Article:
© The Financial Times Ltd 2016 FT and 'Financial Times' are trademarks of The Financial Times Ltd.
June 10, 2013 5:21 pm
Modern composers come and go. Trends change. Yesterday’s quest for complex agitation becomes today’s recourse to easy listening. But Charles Wuorinen remains Charles Wuorinen. He remains tough, daring and provocative.
A smart iconoclast, he has always marched bravely to his own irascible drummer. Popularity and accessibility be damned.
His compositions, more than 260 so far, invariably reflect an enlightened command of dissonance counterbalanced but never compromised by flights of relative lyricism. Hot passion is tempered by cool virtuosity. For all his impetuosity, Wuorinen always manages to convey a minutely organised sense of order. He also happens to be a clever orator, whose dry wit complements and, yes, illuminates his musical ideas.
All this came into focus on Sunday when, as part of its “Works & Process” series, the Guggenheim celebrated Wuorinen’s 75th birthday (June 9). Over the decades, he has written pieces of many sizes in many genres. Sometimes he has abandoned subtle abstraction in favour of overt drama. In January the Teatro Real of Madrid will mount the much anticipated premiere of his Brokeback Mountain, an opera predicated on the same Annie Proulx story that inspired Ang Lee’s celebrated film in 2005. Controversy no doubt looms.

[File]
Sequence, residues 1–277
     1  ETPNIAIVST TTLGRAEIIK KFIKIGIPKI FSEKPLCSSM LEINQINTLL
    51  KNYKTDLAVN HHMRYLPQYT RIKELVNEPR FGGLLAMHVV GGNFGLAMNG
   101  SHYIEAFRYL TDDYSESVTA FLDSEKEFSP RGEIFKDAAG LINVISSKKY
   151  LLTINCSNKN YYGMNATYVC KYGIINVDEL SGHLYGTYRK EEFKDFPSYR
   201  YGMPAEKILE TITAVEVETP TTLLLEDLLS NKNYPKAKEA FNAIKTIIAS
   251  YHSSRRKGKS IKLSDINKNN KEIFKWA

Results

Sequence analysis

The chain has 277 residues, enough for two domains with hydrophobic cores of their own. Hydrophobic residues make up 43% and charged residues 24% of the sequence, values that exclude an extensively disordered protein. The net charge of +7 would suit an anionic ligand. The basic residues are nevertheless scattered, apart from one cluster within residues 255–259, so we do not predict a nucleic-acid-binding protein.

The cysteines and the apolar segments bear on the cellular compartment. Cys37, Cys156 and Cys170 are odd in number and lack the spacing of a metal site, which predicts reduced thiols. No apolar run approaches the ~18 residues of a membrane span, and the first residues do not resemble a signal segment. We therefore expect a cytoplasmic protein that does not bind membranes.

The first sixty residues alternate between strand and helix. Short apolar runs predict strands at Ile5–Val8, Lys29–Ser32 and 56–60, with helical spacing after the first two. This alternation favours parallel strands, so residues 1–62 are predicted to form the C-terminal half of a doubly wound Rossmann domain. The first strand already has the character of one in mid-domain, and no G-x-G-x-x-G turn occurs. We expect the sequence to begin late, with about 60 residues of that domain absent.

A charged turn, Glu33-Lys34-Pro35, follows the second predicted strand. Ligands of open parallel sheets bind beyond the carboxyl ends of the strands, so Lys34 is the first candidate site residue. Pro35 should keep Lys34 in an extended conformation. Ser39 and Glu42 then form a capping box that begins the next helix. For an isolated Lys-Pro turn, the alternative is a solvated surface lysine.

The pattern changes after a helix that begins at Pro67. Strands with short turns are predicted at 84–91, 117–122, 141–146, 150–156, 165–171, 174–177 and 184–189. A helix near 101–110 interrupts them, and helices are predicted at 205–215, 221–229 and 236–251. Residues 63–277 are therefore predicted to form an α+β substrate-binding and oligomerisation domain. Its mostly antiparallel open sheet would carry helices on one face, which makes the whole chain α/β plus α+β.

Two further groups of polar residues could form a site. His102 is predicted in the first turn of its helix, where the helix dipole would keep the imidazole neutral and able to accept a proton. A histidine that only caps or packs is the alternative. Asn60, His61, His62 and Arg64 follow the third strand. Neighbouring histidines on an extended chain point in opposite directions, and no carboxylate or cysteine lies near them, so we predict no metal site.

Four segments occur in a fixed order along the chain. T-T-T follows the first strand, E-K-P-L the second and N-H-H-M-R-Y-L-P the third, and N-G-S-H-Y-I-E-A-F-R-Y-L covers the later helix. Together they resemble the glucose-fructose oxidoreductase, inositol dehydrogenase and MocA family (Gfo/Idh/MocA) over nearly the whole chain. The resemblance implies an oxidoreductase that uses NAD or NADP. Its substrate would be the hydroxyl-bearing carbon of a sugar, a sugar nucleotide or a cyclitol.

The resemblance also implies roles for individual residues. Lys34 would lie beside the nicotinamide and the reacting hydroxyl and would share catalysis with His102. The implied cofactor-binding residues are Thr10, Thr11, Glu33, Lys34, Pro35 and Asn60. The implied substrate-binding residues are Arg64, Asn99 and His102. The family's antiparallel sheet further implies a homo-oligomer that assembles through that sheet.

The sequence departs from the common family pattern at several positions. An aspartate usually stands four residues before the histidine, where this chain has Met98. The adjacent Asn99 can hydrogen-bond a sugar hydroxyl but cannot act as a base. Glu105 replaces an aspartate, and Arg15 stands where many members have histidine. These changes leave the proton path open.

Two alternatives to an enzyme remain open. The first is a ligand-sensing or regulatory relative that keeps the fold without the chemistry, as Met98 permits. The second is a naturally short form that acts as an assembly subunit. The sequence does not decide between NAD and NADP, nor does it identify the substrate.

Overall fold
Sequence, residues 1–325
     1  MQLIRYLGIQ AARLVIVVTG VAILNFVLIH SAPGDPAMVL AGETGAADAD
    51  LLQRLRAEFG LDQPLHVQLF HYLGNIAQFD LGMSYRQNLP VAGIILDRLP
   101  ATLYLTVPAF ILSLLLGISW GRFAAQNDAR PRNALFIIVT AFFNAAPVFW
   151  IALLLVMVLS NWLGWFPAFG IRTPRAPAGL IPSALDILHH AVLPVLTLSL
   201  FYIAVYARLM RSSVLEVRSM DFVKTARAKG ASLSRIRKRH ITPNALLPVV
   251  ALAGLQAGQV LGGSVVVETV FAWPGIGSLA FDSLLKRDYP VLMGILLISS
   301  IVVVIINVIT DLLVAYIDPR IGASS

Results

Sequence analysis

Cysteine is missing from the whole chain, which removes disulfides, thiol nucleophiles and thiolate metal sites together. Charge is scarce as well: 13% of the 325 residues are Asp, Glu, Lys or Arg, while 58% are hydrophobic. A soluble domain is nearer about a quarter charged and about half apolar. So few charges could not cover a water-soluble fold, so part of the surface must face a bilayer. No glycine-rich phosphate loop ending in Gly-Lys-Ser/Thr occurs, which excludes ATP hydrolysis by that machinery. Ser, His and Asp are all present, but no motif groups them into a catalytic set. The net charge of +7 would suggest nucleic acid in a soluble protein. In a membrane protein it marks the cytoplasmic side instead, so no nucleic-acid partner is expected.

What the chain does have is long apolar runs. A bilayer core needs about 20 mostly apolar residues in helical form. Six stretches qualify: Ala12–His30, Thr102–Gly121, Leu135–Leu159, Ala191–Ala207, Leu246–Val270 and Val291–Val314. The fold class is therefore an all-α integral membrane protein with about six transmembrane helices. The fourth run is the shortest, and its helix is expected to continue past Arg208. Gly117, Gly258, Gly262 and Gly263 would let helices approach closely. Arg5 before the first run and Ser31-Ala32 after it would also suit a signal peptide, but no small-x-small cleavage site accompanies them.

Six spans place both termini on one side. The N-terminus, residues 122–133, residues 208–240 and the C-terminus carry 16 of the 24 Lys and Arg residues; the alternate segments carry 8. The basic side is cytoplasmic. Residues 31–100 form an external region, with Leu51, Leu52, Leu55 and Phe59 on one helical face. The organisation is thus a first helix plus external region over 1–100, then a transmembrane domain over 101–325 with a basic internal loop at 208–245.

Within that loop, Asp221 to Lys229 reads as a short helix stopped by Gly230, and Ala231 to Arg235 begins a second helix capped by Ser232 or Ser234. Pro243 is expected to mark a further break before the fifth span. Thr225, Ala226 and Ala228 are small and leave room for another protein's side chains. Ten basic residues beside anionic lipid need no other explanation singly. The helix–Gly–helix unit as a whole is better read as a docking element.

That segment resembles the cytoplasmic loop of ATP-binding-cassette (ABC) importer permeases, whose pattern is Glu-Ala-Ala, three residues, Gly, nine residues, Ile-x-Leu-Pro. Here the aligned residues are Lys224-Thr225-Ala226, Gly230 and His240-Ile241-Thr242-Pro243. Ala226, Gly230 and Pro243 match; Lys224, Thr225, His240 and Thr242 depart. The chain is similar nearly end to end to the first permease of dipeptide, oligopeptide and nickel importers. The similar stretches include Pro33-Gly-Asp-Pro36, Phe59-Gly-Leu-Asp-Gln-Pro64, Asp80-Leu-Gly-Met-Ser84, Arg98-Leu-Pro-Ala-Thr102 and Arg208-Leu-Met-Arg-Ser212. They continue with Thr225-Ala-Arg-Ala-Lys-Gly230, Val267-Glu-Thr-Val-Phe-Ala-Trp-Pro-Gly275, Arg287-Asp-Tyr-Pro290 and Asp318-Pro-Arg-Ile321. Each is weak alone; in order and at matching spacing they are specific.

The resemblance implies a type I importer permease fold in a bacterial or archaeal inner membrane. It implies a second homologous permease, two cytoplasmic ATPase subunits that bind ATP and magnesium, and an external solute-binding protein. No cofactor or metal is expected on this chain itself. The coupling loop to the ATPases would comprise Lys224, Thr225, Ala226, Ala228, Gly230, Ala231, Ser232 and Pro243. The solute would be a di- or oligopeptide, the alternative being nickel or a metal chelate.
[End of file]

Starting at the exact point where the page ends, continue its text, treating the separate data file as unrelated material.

The attraction on this festive occasion in the museum’s subterranean concert hall was chamber music. Fred Sherry, extraordinary cellist and a longtime Wuorinen champion, curated a trio of intimate challenges. He also engaged the composer in a breezy discussion of his technical and philosophical motives.
Iridule (2006) served as a rugged yet never ragged overture, its harmonic and rhythmic knots nonchalantly untied by the oboist Jacqueline Leclair plus six fine accomplices. New York Notes (1982) offered abrasive vitality offset by nearly gentle reflection. Wuorinen served as no-nonsense conductor for both. In between, Sherry, ably seconded by the pianist Alan Feinberg, imbued Fast Fantasy (1977) with superb frenzy.
When all was clashed and sprung, the audience serenaded Wuorinen with “Happy Birthday.” One wonders if anything like that ever happened to Arnold Schoenberg or Edgard Varèse.
Copyright The Financial Times Limited 2016. You may share using our article tools.
Please don't cut articles from FT.com and redistribute by email or post to the web.